When I first heard about the swine flu, they kept saying the thing that concerned them was that it was killing "healthy young adults" in Mexico.

    Now, everybody has "underlying medical problems"? That seems quite strange! Ya think?
  8. Janalynn

    Janalynn New Member

    tea-
    I'm confused by your comments as well. "No flu only kills Mexicans." I don't think that's what's going on at all. It originated there, that's where the obvious "outbreak" was - that is the correlation.

    you're right - they don't want panic - but they want an informed, cautious public. Apparently this strain (H1N1) is different from the H5N1 ( I believe that's what it was) that was a pandemic many many years ago, so it appears less serious. BUT...we don't know yet. They have said, that it can 'calm down' then come back worse.

    I think the deaths in Mexico are probably from lack of adequate medical care perhaps.
  9. Janalynn

    Janalynn New Member

    Also - for that woman to be hospitalized since giving birth sounds like she had other health problems than FM or CFS. It could be anything - no need to speculate...heart problems, kidney, many many possibilities.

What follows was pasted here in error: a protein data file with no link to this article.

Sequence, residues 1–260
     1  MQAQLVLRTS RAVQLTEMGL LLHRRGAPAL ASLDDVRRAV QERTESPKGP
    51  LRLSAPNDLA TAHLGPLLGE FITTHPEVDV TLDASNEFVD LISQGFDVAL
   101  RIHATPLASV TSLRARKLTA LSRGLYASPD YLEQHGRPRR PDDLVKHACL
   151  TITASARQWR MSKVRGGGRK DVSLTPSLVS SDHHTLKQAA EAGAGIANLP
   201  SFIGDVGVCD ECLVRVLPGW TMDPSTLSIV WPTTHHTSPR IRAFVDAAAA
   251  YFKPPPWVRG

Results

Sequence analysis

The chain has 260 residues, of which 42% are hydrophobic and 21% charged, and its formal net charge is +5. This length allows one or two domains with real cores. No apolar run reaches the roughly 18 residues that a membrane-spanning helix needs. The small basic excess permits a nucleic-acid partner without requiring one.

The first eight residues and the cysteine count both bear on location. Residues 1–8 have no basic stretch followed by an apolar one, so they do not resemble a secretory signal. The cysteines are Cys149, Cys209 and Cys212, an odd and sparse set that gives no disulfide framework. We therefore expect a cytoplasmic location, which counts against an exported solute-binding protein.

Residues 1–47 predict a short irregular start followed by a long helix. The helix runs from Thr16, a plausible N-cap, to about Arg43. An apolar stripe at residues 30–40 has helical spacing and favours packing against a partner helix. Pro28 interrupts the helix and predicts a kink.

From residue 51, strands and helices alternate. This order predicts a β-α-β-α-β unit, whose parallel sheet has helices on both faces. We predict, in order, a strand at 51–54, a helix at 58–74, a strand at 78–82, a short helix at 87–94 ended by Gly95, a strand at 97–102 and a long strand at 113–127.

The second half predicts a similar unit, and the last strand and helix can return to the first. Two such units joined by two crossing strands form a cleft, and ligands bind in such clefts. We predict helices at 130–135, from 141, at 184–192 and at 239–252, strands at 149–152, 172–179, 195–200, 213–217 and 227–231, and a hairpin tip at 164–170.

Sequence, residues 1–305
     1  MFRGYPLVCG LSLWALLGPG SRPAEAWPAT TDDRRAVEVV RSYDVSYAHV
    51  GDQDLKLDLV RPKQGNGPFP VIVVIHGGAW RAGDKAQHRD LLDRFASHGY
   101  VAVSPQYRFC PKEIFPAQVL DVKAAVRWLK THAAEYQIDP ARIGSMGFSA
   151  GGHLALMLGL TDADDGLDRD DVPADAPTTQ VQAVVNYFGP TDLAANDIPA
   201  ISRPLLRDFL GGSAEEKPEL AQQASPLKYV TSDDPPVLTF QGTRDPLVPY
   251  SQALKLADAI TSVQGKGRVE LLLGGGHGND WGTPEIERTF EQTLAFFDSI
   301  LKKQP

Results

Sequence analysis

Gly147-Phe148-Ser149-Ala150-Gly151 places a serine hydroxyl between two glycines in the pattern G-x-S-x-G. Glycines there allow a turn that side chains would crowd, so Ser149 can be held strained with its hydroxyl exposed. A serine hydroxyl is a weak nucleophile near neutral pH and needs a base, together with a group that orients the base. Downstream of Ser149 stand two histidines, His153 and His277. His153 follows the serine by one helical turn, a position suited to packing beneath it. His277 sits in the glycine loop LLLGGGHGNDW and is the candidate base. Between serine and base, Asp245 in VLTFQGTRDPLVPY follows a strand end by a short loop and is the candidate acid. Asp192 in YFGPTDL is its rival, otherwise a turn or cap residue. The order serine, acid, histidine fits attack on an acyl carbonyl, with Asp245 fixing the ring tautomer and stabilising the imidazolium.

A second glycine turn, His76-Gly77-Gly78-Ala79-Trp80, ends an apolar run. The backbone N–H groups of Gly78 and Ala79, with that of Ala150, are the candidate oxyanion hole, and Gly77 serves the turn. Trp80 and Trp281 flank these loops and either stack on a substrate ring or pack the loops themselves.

10. outofstep

    outofstep Member

    I agree with you guys
    [This Message was Edited on 05/05/2009]
  11. ulala

    ulala New Member

    and she lived very close to the Mexican border.

    Swine flu claims first Valley victim
    Comments 15 | Recommend 6
    May 5, 2009 - 2:24 PM
    Sara Perkins
    The Monitor
    MERCEDES — Swine flu claimed its first victim in the Rio Grande Valley on Tuesday, a 33-year-old Mercedes schoolteacher and mother who had recently given birth to her second child.

    Health officials emphasized the Harlingen woman had "underlying health conditions" that complicated the otherwise mild virus and led to her death.

    Judy Dominguez Trunnell had initially tested negative for the disease when she was hospitalized two weeks ago. Dr. Brian Smith, the regional director of the Texas Department of State Health Services, said a more recent test came back positive Tuesday.

    Mercedes schools Superintendent Walter Watson said one of the district's teachers died Tuesday but would not give the woman's name, citing the family's wishes. He was not aware the teacher had been infected with swine flu until late Tuesday afternoon because of the first, negative test.

    However, he confirmed details from health officials that matched up with Trunnell's death notice and verified that Trunnell worked for the school district.

    Based on the initial test results, Mercedes students and teachers were told Tuesday that Trunnell had died of a virus, but not the swine flu. Grief counselors met with students and teachers Tuesday, Watson said.